Typically offered: Fall Even Year
The primary material for this course will be a selection of readings from three or more different Greek prose authors connected by genre (e.g. historical writing, philosophy, oratory, novel), theme (e.g. medicine, Athenian politics of the 5 th /4 th centuries, religious innovation), period (e.g. classical period, Second Sophistic), or the like. Primary readings and critical approach will vary from year to year, making the course repeatable. Some modern secondary reading will be assigned to provide a basis for discussion and a model for student written work. prereq: [GRK 3004 or equiv], at least two yrs of college level Greek. Contact the Classical & Near Eastern Religions & Cultures Department (CNRC) with any questions.
GRK 5701 - Prose Composition
Credits: 3.0 [max 3.0]
Typically offered: Spring Odd Year
Moving step by step through Ancient Greek grammar, starting with simple sentences and progressing to complex ones. Course ends with students translating short passages of modern English prose into Greek. prereq: Grad student or instr consent
LAT 5100 - Advanced Readings in Latin Poetry
Credits: 3.0 [max 18.0]
Typically offered: Every Fall & Spring
The primary material for this course will be a selection of readings from three or more different Latin poets connected by genre (e.g. epic, dramatic, lyric), theme (e.g. heroism and the hero, the body, the good life), period (e.g. Augustan, late Antique), or the like. Primary readings and critical approach will vary from year to year, making the course repeatable. Some modern secondary reading will be assigned to provide a basis for discussion and a model for student written work. prereq: [3004 or equiv], at least two yrs of college level Latin. Contact the Classical & Near Eastern Religions & Cultures Department with any questions.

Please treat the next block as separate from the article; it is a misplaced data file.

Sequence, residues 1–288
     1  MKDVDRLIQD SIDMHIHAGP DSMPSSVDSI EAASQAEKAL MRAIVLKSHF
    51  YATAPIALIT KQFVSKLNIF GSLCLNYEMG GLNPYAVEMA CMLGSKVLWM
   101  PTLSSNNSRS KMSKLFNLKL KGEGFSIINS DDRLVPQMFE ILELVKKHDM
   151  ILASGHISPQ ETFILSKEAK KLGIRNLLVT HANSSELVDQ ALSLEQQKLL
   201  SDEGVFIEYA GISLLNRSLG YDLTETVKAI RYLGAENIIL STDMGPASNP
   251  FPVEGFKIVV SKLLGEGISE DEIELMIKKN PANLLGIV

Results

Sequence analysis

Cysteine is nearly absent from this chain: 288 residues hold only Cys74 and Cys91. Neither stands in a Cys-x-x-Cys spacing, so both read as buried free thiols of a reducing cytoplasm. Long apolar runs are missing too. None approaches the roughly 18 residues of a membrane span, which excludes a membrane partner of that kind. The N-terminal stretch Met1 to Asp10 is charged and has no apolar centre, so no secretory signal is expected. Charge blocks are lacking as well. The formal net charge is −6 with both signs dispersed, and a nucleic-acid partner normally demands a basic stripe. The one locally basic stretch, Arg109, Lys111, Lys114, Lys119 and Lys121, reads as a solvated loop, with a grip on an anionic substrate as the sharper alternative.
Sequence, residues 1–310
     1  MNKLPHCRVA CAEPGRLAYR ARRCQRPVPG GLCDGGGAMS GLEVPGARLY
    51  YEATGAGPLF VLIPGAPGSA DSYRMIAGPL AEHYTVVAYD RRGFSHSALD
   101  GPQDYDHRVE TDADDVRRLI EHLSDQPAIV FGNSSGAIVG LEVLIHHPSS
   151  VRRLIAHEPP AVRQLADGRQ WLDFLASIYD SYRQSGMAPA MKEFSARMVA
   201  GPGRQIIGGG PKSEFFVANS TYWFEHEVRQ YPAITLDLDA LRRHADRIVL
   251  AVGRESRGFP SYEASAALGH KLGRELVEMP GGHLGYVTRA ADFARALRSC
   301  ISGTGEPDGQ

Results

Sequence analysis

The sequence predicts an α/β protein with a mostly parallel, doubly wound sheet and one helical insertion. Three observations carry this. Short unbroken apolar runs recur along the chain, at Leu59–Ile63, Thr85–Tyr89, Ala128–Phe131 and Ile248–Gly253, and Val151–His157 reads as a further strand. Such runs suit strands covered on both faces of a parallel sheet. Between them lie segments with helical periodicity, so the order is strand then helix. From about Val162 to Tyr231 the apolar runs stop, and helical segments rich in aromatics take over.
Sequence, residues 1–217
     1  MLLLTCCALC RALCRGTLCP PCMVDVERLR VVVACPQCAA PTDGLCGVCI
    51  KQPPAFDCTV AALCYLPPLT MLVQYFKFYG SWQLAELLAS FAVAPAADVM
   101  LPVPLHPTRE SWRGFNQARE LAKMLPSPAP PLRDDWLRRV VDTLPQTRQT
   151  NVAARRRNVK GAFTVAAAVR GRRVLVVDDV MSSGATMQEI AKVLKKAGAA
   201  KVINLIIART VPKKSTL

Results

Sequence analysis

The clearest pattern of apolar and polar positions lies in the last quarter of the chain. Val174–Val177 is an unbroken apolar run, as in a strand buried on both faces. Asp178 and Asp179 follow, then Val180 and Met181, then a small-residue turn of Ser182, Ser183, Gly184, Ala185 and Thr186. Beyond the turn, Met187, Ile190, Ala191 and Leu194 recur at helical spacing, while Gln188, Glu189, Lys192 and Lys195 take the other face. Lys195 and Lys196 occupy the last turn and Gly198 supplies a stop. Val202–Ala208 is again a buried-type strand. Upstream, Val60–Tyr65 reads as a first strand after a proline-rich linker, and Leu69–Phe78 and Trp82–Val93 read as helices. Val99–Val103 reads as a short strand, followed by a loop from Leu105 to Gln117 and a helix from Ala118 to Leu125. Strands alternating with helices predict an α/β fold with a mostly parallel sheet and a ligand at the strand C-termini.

LAT 5200 - Advanced Readings in Latin Prose
Credits: 3.0 [max 18.0]
Typically offered: Periodic Fall & Spring
The primary material for this course will be a selection of readings from three or more different Latin prose authors connected by genre (e.g. historical writing, philosophy, religious texts), theme (e.g. Epicureanism and Stoicism, Christian apologetics, grammarians), period (e.g. Republican, Late Imperial), or the like. Primary readings and critical approach will vary from year to year, making the course repeatable. Some modern secondary reading will be assigned to provide a basis for discussion and a model for student written work. prereq: [LAT 3004 or equiv], at least two yrs of college level Latin. Contact the Classical & Near Eastern Religions & Cultures department (CNRC) with any questions.
LAT 5701 - Latin Prose Composition
Credits: 3.0 [max 3.0]
Typically offered: Periodic Fall & Spring
Latin grammar, syntax, diction, and prose style. Graduated exercises in prose composition. prereq: Grad student or instr consent
LAT 5703 - Epigraphy
Credits: 3.0 [max 3.0]
Typically offered: Periodic Fall & Spring
Practical/theoretical introduction to Latin epigraphy (study/interpretation of inscriptions). Readings/discussion of epigraphic texts. Their value as historical documents, as evidence for development of Latin language, and as literary texts. prereq: Grad student or instr consent
ANTH 3221 - Field School
Credits: 6.0 [max 18.0]
Course Equivalencies: Anth 3221/Anth 8220